The winter of 2010 seemed endless. Life grew more complicated when illness struck. Weeks flew by. I wondered when things would return to normal. But then the snows started to melt. Seasonal rains and warming temperatures coaxed leaf buds and flowers into bloom. Spring arrived, in all its glorious beauty.
This morning M. announced that it had been too long since we’d been on one of our diner dates. My improved health was reason to celebrate. He asked where I wanted to go. I pulled out my wish list of Lehigh Valley Restaurants. “You choose,” I said. He glanced at the list then said “the Queen City Diner.” We’d first heard of it from a friend who raves over their warm service and yummy pancakes. Just the ticket on this drizzling spring morn.
Queen City Diner is about a half hour drive from our home. Highway 78 to Exit 57 then north on Lehigh Street. Strangely, I felt almost giddy on our drive. Nothing like a lingering illness to make one appreciate the little things in life. The diner sits across the road from a CVS Pharmacy, just north of the Queen City Airport. We took one of the last parking spots near the back of the building. Inside, the restaurant was packed but our wait was short. Our cordial hostess quickly showed us to a booth next to the front window. The staff bustled through the crowded dining room, taking orders, serving food, clearing tables and counter.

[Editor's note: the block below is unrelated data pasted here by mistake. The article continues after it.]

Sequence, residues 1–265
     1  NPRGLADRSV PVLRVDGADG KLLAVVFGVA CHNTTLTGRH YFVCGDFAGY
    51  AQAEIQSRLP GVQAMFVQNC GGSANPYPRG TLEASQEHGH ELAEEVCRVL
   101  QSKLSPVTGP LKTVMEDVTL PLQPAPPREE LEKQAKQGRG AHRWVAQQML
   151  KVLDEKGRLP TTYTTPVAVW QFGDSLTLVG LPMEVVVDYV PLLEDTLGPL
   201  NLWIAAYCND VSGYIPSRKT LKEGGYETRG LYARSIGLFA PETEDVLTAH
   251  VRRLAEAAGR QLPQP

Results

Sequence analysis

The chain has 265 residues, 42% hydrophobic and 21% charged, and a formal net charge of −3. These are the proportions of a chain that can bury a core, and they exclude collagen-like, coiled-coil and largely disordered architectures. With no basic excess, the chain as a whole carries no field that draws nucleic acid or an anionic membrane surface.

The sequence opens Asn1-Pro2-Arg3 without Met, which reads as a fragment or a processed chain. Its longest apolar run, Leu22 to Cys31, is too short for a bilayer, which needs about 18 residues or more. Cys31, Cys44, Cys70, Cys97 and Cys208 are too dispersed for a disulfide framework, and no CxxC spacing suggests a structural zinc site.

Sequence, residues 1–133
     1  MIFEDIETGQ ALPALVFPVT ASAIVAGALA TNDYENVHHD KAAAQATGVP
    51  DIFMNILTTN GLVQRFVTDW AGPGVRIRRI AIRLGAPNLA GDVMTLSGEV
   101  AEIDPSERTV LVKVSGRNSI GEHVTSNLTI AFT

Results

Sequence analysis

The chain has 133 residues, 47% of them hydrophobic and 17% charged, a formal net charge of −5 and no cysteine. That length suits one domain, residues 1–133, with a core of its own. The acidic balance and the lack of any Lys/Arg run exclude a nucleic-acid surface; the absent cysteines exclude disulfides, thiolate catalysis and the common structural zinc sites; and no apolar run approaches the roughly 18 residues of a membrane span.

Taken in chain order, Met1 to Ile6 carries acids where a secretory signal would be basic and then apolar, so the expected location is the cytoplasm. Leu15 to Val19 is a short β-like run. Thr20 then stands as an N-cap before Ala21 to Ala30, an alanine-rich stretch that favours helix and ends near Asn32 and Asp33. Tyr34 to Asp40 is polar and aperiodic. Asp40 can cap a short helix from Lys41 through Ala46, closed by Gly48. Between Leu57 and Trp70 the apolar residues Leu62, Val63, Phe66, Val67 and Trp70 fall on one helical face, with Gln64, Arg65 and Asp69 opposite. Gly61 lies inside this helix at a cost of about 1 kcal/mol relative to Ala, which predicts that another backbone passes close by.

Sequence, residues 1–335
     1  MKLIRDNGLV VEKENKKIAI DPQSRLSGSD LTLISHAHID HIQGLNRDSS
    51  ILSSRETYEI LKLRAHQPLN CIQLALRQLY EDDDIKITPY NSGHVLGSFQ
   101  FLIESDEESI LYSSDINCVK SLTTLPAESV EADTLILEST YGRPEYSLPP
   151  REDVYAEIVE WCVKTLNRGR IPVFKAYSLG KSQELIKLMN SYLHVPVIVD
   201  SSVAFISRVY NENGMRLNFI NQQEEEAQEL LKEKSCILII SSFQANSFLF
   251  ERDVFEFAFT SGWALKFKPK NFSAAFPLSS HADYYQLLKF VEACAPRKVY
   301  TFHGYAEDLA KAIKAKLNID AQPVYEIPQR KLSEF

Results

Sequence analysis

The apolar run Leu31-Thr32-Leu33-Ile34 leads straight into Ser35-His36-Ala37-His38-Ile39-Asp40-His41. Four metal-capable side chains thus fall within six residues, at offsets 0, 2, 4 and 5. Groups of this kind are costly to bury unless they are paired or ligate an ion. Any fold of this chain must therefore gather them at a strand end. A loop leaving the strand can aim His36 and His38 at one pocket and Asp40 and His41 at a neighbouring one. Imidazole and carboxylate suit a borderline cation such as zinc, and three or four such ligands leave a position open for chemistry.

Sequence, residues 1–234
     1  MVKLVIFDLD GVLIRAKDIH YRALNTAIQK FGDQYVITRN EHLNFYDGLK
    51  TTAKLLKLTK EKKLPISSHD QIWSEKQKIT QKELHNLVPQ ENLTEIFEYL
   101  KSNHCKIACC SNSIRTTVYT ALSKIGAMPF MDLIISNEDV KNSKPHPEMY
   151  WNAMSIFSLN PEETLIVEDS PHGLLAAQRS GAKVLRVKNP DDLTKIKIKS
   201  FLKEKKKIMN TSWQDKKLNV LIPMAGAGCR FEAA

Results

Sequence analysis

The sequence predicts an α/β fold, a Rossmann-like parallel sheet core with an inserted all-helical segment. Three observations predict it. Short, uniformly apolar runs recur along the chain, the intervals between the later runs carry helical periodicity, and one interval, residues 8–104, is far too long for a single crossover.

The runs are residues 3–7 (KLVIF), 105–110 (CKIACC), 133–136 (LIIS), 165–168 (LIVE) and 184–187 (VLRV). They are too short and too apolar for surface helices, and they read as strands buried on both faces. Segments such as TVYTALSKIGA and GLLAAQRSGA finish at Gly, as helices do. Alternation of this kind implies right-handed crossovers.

Our waitress delivered a carafe of coffee with two cups, and glasses of water. She gave special instructions on using the carafe. We browsed through the extensive breakfast menu and specials. Assorted omelets and other egg dishes, stuffed waffles and French Toast and, of course, pancakes. So much to choose from, and all of it looked GOOD! I almost ordered the sweet potato pancakes, our friend’s favorite, but decided the blueberry pancakes had more appeal this morning. M. chose a bowl of oatmeal, followed by eggs, bacon, and hash browns.
As we sipped on our coffee, we glanced around the 50′s style diner decorated in the traditional diner colors of dark pink and turquoisy-green. The roomy booths each held a small table top juke box. We resisted the urge to plop in some coins for music; the aisles weren’t big enough to dance. The room was filled with patrons of all ages. Families and couples sat comfortably enjoying their morning out. The delicious aroma of fresh cooked breakfasts drifted from the kitchen.
Our friendly waitress delivered M.’s oatmeal first, as he’d requested. It was a large bowl, hot and steaming. He poured on a little milk and began to eat. Soon the rest of our food arrived. My short stack of blueberry pancakes looked very good, and tasted even better. While the blueberries were only faintly apparent from the top, when I cut into them I found they were each packed with delectable juicy blue. Perfect!
M.’s hash brown patties were browned and crisp. The picture seems to show only one hash brown, but two patties were stacked — thick, and delicious. His poached eggs were slightly over cooked for his taste, but the inside yolk was still runny and a rich yellow. I pinched an end from his bacon and found it wonderfully crisp and salty.